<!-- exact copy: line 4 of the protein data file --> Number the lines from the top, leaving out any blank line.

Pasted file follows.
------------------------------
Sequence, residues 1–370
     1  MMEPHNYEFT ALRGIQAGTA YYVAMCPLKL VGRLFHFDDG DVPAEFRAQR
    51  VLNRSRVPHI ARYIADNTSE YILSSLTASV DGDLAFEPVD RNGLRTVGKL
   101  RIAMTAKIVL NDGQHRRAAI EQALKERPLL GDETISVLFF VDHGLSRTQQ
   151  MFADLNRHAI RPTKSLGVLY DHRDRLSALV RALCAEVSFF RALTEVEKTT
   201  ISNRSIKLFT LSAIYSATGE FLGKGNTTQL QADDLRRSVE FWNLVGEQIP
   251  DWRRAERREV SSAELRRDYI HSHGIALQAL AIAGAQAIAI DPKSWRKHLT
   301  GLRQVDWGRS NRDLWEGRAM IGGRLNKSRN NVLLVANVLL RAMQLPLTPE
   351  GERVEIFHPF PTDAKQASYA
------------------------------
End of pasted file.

   101  RIAMTAKIVL NDGQHRRAAI EQALKERPLL GDETISVLFF VDHGLSRTQQ